Free Usable gear chart App template

All the apps for gear ratio on app store are crap and cost, but discovered that you can make your own templates on a free app “Converter+”
So I made one, works ever so well- if you want the rest of the screen shots to produce the whole template follow this flickr link.
it puts in a default wheel diameter of 27" or 685.80mm to give you your Gear Ratio after you put in your ring and sprocket. If you want to be really accurate then just put in your own exact diameter.
The rpm is put in to give you the speed you will go at in that gear.
The templates are case sensitive for items use, it is also worth downloading the template design docs so you can follow my screen shots.

If you need any more help- do post- or meet me at Chandler of a Tuesday evening?

Awesome. Might try and do this when I have some spare time (eg. at work…).

This is well worth the $6 Bike Gears, the Bicycle Gear Calculator app for the iPhone and iPod Touch

And for Android… the best one I’ve found is called “cycling calculator”. I think it was $2 or so, but does ratio, gear inches, speed, cadence, etc etc, plus things like time taken for a flying 200 with the above factors. I like that it provides a table instead of just 1 answer, and unlike some others it includes 27" wheels for ‘standard’ track gear inches. What puzzles me is what tyre size the nominal ‘gear inches’ are calculated with, because different sources vary.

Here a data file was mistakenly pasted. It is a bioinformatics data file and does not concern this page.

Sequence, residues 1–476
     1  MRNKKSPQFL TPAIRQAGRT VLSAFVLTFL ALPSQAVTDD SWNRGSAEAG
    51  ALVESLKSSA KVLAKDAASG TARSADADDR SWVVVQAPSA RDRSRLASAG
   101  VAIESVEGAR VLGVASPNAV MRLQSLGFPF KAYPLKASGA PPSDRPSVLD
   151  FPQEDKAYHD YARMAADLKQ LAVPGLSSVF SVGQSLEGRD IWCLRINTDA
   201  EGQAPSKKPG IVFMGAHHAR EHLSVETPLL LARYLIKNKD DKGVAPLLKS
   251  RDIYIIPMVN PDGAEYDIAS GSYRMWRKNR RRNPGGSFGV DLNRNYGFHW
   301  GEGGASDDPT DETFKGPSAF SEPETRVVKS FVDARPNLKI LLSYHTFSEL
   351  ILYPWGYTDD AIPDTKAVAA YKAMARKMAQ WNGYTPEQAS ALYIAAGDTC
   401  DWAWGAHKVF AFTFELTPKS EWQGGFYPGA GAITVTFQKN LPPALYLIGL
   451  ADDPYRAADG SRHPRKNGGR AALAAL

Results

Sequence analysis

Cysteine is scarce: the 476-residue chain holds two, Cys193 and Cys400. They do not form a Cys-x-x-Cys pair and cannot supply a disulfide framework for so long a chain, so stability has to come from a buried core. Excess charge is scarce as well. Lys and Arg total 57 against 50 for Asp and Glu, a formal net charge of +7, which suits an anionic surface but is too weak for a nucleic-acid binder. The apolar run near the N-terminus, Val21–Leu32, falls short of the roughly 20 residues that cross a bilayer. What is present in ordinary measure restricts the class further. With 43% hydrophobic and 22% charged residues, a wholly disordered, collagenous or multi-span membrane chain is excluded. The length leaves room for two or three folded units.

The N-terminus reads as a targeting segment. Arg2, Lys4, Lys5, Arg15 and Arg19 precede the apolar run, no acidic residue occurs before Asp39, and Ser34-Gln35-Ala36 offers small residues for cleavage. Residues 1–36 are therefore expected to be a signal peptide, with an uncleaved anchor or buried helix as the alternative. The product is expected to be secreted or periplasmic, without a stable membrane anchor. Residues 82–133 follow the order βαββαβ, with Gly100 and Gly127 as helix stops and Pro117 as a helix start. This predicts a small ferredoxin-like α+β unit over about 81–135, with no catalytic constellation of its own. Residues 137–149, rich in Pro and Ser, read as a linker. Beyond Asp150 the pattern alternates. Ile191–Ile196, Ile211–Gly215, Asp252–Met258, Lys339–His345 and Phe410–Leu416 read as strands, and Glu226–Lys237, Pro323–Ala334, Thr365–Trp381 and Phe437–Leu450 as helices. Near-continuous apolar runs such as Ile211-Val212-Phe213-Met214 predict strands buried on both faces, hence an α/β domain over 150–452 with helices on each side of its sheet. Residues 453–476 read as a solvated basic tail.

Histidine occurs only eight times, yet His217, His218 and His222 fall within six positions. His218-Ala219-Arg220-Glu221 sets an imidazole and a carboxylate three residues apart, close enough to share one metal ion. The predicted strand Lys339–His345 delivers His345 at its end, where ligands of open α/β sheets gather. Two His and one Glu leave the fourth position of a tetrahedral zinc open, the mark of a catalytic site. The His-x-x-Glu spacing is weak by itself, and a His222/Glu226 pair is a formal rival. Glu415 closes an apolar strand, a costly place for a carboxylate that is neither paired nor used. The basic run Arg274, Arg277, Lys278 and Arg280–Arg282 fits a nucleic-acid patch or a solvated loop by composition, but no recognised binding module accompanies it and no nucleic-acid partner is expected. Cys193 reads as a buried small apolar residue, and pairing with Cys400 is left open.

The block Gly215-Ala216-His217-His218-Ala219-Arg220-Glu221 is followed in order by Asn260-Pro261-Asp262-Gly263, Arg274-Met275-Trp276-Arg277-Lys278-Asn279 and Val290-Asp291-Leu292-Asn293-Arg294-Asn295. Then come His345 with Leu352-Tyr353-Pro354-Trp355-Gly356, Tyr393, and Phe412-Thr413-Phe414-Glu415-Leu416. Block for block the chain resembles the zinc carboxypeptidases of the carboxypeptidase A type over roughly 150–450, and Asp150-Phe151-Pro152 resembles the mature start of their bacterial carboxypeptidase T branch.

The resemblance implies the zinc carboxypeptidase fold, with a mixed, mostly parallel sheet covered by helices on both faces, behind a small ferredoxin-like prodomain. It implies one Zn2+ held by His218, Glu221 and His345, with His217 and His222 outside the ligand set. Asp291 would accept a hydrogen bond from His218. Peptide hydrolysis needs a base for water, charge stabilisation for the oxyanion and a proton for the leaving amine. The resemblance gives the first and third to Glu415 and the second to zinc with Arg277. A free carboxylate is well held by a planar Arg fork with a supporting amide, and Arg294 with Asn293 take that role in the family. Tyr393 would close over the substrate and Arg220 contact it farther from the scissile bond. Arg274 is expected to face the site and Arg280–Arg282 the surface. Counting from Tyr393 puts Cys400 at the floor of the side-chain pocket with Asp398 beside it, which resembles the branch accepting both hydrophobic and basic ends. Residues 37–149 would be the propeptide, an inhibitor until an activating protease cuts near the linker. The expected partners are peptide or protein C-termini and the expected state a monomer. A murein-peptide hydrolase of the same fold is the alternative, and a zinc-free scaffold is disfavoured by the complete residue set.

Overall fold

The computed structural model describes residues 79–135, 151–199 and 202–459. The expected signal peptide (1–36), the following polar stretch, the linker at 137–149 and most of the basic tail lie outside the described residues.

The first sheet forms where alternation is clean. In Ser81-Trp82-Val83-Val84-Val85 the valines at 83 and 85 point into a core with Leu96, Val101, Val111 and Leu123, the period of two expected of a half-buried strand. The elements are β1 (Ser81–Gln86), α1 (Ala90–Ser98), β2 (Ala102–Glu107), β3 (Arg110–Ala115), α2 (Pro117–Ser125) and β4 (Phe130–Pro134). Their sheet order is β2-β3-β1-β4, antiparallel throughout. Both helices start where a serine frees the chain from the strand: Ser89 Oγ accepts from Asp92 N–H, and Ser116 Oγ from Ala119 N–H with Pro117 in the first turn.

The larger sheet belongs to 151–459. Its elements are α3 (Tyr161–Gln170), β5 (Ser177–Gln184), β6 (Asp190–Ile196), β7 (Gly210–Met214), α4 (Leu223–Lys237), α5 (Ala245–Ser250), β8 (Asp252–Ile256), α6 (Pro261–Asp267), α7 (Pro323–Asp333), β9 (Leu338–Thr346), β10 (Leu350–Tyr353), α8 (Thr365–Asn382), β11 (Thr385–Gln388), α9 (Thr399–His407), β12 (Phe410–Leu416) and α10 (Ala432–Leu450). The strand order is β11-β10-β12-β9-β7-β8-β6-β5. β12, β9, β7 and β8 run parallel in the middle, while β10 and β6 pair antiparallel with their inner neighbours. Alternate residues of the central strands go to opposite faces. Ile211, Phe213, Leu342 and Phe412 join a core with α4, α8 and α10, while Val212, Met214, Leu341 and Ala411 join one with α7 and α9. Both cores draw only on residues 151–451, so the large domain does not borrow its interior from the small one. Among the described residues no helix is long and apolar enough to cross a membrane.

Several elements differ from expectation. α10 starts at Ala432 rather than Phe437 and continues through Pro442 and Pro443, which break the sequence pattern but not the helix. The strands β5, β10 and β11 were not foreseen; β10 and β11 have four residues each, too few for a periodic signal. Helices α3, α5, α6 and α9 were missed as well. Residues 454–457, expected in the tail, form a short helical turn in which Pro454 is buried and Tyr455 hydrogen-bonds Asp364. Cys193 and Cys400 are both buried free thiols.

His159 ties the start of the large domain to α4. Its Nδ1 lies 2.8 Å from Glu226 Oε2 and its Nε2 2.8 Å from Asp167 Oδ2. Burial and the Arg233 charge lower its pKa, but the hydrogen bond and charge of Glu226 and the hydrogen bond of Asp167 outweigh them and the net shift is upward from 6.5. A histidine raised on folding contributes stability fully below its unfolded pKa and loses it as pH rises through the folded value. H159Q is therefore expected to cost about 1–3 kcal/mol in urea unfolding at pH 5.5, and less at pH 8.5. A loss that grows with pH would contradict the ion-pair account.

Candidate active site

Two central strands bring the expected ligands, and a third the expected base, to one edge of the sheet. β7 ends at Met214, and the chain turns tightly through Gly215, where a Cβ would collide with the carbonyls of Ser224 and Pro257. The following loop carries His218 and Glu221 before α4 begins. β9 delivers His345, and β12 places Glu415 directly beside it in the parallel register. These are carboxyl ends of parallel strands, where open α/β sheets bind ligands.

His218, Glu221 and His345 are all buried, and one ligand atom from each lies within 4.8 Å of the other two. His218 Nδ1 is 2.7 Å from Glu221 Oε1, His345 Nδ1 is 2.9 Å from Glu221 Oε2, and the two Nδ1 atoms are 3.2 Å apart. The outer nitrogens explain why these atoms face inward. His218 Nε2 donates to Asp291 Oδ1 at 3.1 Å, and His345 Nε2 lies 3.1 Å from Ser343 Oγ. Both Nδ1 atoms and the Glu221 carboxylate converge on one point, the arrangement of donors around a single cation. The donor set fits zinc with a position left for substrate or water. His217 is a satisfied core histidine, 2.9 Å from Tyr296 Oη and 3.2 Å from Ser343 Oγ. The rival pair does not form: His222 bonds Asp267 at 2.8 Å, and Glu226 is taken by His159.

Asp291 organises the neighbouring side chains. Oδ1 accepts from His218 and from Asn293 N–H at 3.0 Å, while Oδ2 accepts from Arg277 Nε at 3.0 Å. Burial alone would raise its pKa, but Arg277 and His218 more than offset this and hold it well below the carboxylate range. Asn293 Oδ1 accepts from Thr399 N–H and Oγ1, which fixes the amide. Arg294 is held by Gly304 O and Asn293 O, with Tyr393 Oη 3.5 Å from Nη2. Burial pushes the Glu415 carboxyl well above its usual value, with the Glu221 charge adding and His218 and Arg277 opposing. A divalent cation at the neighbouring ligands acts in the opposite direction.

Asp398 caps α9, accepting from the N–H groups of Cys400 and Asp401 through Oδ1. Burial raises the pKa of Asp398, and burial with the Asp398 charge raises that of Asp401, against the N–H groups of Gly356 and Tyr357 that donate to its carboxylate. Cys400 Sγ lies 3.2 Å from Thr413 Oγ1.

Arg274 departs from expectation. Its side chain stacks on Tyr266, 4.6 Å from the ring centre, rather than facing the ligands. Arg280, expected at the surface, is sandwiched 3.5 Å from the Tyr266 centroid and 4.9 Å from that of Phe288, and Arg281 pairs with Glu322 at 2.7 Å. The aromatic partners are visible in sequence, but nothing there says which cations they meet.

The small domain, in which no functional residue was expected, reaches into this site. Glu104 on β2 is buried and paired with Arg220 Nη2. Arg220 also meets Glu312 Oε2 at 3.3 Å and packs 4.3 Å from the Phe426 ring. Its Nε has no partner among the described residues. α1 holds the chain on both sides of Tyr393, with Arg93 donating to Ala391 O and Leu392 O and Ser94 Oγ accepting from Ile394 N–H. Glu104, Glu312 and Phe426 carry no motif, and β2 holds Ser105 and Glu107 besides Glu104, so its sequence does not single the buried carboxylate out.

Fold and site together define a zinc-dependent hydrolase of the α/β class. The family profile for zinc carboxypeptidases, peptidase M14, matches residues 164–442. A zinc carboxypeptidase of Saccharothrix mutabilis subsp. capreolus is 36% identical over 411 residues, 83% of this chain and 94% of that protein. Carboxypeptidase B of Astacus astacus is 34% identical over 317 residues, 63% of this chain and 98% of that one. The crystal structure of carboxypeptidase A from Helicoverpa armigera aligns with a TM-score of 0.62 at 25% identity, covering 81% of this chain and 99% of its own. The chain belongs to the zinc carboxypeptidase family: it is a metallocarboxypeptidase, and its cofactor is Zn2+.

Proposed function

685.8 mm is 27" Easy enough to put in somewhere or even the title- but like I said can be changed easily. This template was an idea to replace or compliment the “Track Gear Charts” based around a 27" wheel.
The only truly accurate way to get your actual rollout is to measure it, using a tape- there is a lot of difference in the actual diameter of “23mm” tyres. Many juniors have been relgated or dq’d for assumptions in gear charts!!!
Saw the $6 app, it was after seeing someone at the track last week using this, I decided to find something more useful if you turn up at a track and want to borrow bits
One other useful calculation is a “relative” 200m time. This is for training on slower tracks and in lower gears- so you want to know how fast you need to go for 200m at the same rpm in a lower gear.

That all makes sense.

What leads to people like me being confused is that the “27 inch” measurement (685.8mm) that standard gear-inch calculations are based on hasn’t been seen on real bicycles in the last 50 years. Hence people try to make more “accurate” gear inches with the actual wheel diameter, but since gear inches are for theoretical comparison only, this is completely pointless. So best to stick with 27"/685.8mm, as you’ve got there/

For general reference:

27" rim (630mm dia) with a 1" tyre = 680.8mm dia
27"rim (630mm) with a 1.25" tyre = 685.5mm dia

700c rim (622mm) with a 23mm tyre = 668.0 mm
700c rim (622mm) with a 32mm tyre = 686.0mm